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The First Chair in Bioethics in Eastern Europe: In conversation with Dr. Yury Monczak

Mary Rose Bacani Valenti

Tuesday, February 23, 2010

On Sunday, February 28th, Dr. Yury Monczak, PhD, will be speaking about the first-ever Chair in Bioethics at the Ukrainian Catholic University.  Dr. Monczak is the Director of Molecular Pathology at the SMBD Jewish General Hospital and Assistant Professor at McGill University in Montreal.  He will be speaking at the residence of the Ukrainian Church of St. Demetrius on La Rose Avenue in Toronto.  I had a chance to talk to him last week.
Dr Monczak in UkraineMary Rose: This Chair in Bioethics was funded by you and your mother three years ago.  What is the great significance of this Chair in Bioethics?
Dr. Monczak: This is the first Chair in Bioethics in the whole of post-Soviet Eastern Europe.  No other university in that part of the world has implemented such a chair of studies, so this is a historical first.  The communist ideology, which ruled for two generations in Eastern Europe, was far from espousing Catholic views, if not outright hostile to them.  Therefore the creation of a Chair in Bioethics fulfils an extremely important function and provides a desperately needed resource for addressing ethical issues in Eastern Europe.  The chair was funded by my mother and me three years ago, with the aim of making it into a full department.
Mary Rose: What does it mean to have a Chair in Bioethics?
Dr. Monczak: A Chair of studies usually includes one professor with staff in one area of research.  A department would be a whole staff of professors and researchers in different areas of studies related to one field (e.g., bioethics).
However, as a chair, we are already offering courses in bioethics not only for full-time students of the University, but also for physicians, health-care workers, nurses, school-teachers and social workers. A Certificate in Bioethics is awarded for successfully completing the 200-hour curriculum.  The successful graduates, in turn, are called upon to implement their acquired knowledge in hospitals, clinics, orphanages, social networks, schools, etc.  Thus it is a far-reaching program that has immediate beneficial effects on the whole of society.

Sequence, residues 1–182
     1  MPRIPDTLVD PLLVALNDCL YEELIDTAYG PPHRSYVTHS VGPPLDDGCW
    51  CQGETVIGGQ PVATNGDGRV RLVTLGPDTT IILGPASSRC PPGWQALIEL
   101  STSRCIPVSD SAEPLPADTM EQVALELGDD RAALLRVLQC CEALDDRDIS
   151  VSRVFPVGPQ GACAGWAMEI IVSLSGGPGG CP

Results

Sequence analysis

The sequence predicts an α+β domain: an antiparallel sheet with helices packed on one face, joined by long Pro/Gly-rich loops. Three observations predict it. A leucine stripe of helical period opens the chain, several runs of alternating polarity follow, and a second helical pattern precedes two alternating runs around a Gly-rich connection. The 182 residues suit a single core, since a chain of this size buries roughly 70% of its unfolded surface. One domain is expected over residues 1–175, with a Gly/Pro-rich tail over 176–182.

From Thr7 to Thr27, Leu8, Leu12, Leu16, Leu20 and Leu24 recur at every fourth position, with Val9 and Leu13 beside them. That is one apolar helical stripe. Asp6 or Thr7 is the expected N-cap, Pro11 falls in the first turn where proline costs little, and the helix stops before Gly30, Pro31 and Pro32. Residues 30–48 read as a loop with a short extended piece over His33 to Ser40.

Photo 1 f.Ihor Boyko and Yury Monczak
Photo 1 f.Ihor Boyko and Yury Monczak
Presently, the Ukrainian government doesn’t have any guidelines in bioethics in Ukraine.  It’s basically a “free for all”.  However, the Ukrainian government has asked the head of the Chair in Bioethics to be part of a committee to formulate policies and laws in Ukraine dealing with bioethical issues.  The Head of the Chair in Bioethics is Fr. Ihor Boyko, PhD, Dean of the Faculty of Philosophy at the Ukrainian Catholic University.  He has been schooled in the top universities of Rome and has an extensive network with leading ethicists in Europe.
I have been interested in the field of bioethics here in Canada for many years, since I face these conflicts day to day in my professional line of research and work.  Concepts such as stem cell research, in-vitro fertilization, euthanasia or organ donation are becoming quite controversial, and solid, scientific arguments must be made in line with the teaching of our Christian faith.  The Chair in Bioethics of the Ukrainian Catholic University addresses precisely these issues in a land where ethical concerns are far from important.
Mary Rose: This Chair in Bioethics resides at the Ukrainian Catholic University. How was this Ukrainian Catholic University started?
Dr. Monczak: It was started at the beginning of the 20th century by the head of the Ukrainian Catholic (Byzantine) Church, Metropolitan Andrey Sheptytsky.  Due to political reasons, the university was never allowed to come to fruition, and so it started back again in the 1920s in Ukraine in the form of the Theological Academy.  It kept on developing and growing until 1944, when the communist Soviet regime invaded Ukraine and closed it down, arrested all the clergy and bishops and sent them to concentration camps.  From 1945 it was dismantled, but many immigrants, including clergy and bishops fled Ukraine and restarted the university in Rome in 1968. It grew in Rome but after the collapse of the Soviet Union, this university moved back to Ukraine, although the campus in Rome remains operational.
The institution in Ukraine was accredited with a status of university, with a North-American-styled curriculum and an international board of governors.
For further information about this presentation and other UCU news,visit the Ukrainian Catholic Education Foundations website at

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